Of course, the aioTV platform provides a way for distributors to deliver the complete pay TV payload as well as Web content enhancements over IP, eliminating the need for legacy set-tops altogether. This approach, another one of the four models the platform is designed to support, has been taken by Maxcom, a pay TV operator in Mexico City that has used the aioTV platform to replace Mediaroom, the Microsoft IPTV middleware recently acquired by Ericsson.
A variation on this approach can be found with a U.S. cable company which is contemplating deploying the aioTV platform in conjunction with use of DTAs (digital terminal adapters) to support conversion of the digital streams to analog for viewing on cable-ready analog TV sets. The all-IP pay TV service would allow the operator to use low-cost dongles in lieu of set-tops for households with digital TV sets.
Still another application for the platform involves replacing traditional multichannel pay TV with Web video. This has great appeal both for mobile operators and for Tier 2 and 3 cable and telephone companies who are finding pay TV to be an unsustainable business but still want to offer a branded video service.
“What’s really lighting up for us with this application is the wireless space,” Earle says. “We have imminent deals in the making with major mobile providers who want to provide a compelling video service but have come to look on trying to be virtual MVPDs as a fool’s errand.”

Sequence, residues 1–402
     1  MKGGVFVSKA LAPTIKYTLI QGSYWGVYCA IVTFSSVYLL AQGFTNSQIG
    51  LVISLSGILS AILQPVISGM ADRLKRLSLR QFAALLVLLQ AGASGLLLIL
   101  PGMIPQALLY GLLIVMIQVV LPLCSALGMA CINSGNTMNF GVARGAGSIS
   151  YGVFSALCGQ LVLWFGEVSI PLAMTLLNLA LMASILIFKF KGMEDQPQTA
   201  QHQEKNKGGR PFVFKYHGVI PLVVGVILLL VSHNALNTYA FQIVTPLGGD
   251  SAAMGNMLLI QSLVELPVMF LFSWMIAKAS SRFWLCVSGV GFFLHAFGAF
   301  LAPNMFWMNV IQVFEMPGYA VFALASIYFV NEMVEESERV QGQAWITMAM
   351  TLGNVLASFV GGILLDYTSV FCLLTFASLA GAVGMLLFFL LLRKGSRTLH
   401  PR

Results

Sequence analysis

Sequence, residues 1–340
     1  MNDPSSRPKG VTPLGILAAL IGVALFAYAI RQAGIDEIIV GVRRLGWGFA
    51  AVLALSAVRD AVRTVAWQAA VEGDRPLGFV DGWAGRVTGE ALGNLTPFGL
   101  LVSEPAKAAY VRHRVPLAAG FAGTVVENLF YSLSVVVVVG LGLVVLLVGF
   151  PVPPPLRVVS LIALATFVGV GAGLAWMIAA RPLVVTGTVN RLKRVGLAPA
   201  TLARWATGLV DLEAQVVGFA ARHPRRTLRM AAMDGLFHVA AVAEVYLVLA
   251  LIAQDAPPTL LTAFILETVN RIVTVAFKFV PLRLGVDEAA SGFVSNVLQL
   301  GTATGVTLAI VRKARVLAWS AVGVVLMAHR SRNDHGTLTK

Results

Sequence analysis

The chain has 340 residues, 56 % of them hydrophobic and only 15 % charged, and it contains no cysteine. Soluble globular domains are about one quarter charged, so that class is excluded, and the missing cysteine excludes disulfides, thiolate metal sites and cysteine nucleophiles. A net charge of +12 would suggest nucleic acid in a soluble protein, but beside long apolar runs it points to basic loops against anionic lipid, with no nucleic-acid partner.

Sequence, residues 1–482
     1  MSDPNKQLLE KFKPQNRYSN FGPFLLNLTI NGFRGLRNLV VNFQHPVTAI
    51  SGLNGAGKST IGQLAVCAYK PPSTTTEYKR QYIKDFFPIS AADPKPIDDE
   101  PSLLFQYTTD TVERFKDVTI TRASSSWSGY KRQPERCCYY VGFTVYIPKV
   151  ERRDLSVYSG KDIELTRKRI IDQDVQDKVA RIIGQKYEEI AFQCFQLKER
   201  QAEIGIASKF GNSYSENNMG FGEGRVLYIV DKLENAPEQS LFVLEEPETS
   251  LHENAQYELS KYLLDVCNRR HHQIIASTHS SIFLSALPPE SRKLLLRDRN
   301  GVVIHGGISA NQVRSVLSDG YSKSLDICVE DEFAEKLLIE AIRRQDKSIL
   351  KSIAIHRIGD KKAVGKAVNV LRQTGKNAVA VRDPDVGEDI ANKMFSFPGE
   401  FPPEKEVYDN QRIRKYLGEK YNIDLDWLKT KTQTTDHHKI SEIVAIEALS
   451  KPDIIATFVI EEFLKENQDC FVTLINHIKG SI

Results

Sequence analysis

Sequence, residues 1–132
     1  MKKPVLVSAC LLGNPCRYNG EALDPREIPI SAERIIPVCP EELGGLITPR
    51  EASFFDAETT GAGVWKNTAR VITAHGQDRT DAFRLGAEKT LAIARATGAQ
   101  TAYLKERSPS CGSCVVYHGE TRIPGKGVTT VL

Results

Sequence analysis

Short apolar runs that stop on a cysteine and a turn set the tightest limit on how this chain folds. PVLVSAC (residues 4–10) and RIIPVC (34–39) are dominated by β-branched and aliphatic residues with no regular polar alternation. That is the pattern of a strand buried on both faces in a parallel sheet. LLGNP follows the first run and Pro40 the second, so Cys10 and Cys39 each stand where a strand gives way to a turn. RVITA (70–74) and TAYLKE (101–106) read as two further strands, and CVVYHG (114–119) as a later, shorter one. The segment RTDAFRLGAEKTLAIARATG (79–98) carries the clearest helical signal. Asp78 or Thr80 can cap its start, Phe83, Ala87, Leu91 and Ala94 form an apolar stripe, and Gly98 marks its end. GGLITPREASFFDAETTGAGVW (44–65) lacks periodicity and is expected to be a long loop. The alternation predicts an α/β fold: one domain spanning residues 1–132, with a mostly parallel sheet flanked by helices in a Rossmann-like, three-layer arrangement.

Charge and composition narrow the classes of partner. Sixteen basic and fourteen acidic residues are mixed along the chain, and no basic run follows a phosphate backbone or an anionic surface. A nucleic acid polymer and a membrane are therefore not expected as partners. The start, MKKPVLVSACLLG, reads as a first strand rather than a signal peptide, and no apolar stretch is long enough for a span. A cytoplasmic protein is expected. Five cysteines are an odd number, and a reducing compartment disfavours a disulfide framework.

Two models for these providers are emerging, he adds. One applies to carriers who offer unlimited data access as part of the service package, which makes it impractical for them to promote heavy video usage over their cellular networks. Instead, the idea is to use a pass-through box with access to their offering over the in-home Wi-Fi feed from the fixed broadband network. This service enhancement becomes a benefit to cellular customers who may or may not be pay TV subscribers.
Other mobile companies that charge for data usage are looking at aioTV as a way to deliver a Web video package over LTE networks directly to cell phones. Noting LTE providers are moving to enable multicasting, known as LTE broadcast, as a way to reduce bandwidth consumption, Earle says there’s great interest in developing a unique IP-based video experience that works within the constraints of the mobile operating environment. “Our platform adapts to LTE broadcast,” he notes.
As for the smaller fixed service operators who are weighing alternative approaches to traditional pay TV service, Earle says, “We’re hearing a lot from those guys. Using our packaging and curating tools in conjunction with a personalized navigation experience they can brand as a broadband value-add is becoming a compelling alternative to staying the course with pay TV.”